Slant Magazine's Scores

For 2,533 reviews, this publication has graded:
  • 33% higher than the average critic
  • 2% same as the average critic
  • 65% lower than the average critic
On average, this publication grades 8.8 points lower than other critics. (0-100 point scale)
Average Movie review score: 53
Highest review score: 100 Li'l Quinquin
Lowest review score: 0 The Victim
Score distribution:
2,533 movie reviews
  1. Tim Heidecker's Swanson does not amuse us in spite of the pity he inspires but because of it.
  2. What Omar best portrays are the limitations that result from having an occupation, and the fight to overthrow it, dominate a person's entire life.
  3. While Jonathan Lisecki is well in tune with his film's niche market, his knack for comedy, both visual and verbal, is universally hilarious.
  4. The film captures Vreeland's perhaps unwitting philosophical integrity just as much as it drowns us in the exuberance of her work.
    • 82 Metascore
    • 88 Critic Score
    In essentially offering up The Twelfth Night as a hazy Shakespearean mash-up, Viola isn't so much deeply disrespecting notions of ownership, authorship, etc., as charitably redefining them.
  5. Eliza Hittman's film captures the exclusive properties of sex with a degree of intimacy and empathy that, at times, feels authentically revelatory.
  6. The film ultimately understands poverty as a profound and often irreversible desolation of terra firma.
    • 74 Metascore
    • 88 Critic Score
    Minimalist in its aesthetics and soundtrack, quiet and deliberate in its plot, but nonetheless familiar--endearing and a vital addition to the small but growing Tibetan cinema.
  7. We experience the delay of the fantasy of the happy old couple in their country home in cinematic time as, for most of the film, the only body these lovers have is the spellbinding combination of visual fragments serving as apparitions to their voices.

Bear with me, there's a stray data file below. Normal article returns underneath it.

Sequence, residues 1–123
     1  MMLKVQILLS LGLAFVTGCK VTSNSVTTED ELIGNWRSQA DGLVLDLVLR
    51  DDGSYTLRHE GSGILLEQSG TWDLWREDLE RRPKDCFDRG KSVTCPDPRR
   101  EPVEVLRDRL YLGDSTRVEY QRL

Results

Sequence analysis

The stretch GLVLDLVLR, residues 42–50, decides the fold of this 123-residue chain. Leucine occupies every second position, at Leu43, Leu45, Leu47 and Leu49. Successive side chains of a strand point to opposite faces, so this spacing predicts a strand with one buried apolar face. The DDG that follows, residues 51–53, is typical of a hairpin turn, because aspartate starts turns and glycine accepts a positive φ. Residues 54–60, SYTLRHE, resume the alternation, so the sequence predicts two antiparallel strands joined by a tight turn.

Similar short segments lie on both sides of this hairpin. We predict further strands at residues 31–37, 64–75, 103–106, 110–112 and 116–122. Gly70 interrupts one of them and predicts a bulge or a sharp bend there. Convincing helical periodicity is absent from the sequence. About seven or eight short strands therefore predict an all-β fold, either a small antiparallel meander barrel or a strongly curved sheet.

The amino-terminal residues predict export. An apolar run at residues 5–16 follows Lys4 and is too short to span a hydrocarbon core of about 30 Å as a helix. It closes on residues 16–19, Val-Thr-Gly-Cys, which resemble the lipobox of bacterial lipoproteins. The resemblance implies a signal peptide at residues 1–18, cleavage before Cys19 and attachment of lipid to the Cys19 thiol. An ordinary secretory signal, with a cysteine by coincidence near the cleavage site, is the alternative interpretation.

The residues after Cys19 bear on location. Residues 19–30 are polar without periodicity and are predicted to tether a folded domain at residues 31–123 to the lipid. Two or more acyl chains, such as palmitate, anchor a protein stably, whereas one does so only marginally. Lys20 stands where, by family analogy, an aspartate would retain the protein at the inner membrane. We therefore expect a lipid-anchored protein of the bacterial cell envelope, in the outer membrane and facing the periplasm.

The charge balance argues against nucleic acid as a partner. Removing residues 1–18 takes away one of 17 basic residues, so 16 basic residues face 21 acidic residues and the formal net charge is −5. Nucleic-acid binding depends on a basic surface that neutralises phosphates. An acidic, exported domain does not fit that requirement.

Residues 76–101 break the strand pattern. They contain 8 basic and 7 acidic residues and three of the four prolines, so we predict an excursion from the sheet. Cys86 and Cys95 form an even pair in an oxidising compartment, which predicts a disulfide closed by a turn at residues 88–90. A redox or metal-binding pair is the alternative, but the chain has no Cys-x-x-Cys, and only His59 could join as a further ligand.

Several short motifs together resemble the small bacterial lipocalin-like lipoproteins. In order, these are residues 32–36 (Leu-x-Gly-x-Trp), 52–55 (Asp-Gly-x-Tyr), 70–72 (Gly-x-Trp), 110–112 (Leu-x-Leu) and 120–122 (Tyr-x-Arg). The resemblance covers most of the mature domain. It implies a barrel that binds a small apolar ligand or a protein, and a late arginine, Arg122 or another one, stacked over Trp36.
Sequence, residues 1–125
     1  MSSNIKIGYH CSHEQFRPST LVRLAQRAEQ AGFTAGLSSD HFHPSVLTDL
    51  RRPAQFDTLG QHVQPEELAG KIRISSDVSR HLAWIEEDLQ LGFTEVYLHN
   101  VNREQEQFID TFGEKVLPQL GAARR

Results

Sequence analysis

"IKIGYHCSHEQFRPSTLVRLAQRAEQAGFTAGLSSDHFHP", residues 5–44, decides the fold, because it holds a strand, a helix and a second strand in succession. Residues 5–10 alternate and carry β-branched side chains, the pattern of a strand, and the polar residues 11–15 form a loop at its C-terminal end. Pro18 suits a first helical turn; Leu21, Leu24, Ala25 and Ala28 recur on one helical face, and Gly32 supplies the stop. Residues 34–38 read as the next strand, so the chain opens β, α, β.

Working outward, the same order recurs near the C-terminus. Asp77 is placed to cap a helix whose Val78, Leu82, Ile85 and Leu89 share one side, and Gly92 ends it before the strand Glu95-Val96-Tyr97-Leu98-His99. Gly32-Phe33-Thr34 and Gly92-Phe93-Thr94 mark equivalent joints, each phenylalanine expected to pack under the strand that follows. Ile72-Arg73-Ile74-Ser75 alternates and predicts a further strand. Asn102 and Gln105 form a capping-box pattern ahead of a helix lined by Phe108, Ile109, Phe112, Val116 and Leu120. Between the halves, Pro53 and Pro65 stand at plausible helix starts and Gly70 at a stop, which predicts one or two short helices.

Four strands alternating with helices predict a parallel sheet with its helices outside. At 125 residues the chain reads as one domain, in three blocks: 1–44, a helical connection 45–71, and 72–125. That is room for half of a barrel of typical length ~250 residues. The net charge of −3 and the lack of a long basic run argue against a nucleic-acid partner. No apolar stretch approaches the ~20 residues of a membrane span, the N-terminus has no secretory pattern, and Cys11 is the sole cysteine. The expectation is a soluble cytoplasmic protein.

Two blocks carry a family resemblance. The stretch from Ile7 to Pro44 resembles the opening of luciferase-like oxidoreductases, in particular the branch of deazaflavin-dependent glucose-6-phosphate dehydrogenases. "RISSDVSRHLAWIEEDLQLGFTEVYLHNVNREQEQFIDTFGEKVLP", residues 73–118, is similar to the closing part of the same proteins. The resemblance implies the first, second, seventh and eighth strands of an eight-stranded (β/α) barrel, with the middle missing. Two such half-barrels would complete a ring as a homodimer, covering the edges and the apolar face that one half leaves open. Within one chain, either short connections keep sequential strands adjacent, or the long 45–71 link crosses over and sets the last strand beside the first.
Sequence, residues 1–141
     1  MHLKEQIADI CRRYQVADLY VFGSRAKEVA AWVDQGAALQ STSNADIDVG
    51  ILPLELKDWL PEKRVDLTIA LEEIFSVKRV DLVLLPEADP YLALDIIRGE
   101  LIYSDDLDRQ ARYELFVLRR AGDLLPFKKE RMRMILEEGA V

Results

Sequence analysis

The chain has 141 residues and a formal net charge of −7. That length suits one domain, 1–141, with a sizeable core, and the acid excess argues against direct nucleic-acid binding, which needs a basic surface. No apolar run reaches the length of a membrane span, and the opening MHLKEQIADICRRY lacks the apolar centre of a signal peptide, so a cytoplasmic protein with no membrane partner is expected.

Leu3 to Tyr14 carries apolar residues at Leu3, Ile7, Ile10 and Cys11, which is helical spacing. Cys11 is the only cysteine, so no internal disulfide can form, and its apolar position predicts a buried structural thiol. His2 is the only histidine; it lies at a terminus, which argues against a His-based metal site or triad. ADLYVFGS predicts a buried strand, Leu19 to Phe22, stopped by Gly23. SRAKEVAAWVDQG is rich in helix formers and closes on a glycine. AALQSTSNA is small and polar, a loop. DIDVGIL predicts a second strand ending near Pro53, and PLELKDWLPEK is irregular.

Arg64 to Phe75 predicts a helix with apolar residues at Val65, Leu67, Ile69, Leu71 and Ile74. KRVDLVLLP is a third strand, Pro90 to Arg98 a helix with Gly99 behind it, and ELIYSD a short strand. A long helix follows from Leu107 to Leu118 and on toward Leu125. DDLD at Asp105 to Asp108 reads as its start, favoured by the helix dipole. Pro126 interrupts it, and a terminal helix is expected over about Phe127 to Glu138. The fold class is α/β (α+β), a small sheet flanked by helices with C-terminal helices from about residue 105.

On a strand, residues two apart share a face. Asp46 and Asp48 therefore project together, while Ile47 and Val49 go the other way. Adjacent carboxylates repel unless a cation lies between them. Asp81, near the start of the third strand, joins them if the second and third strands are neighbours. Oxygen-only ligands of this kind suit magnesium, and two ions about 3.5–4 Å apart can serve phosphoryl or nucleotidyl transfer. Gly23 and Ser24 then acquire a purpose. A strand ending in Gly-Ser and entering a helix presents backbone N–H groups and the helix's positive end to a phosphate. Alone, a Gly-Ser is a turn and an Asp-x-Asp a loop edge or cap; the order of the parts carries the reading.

• 69 Metascore
    • 88 Critic Score
    Hong Sang-soo hits the beach once again in his latest project, another austerely amusing study of hopeless neurotics making a mockery of leisure.
  8. It ever so subtly zeros in on the extreme particularities of a remote place to find something universal, or at the very least easily comprehensible about despair.
  9. At once a microcosmic expression of frustration and another of auto-critique, When Evening Falls devilishly recalls and riffs on seemingly shapeless conversations between its very small ensemble of characters without succumbing to soporific navel-gazing.
  10. That the filmmakers consistently catch the nuances of character that bind the two men to each other, rather than simply tracing the pros and cons of their dispositions, is what gives the film its melancholic yet vibrant resonance.
  11. Benh Zeitlin's lived-in, almost abstract sense of social realism is partly what makes the film so refreshing and uniquely affecting.
  12. Barriers both transparent and persistently present encase the characters of A Separation, constricting them in ways social, cultural, religious, familial, and emotional.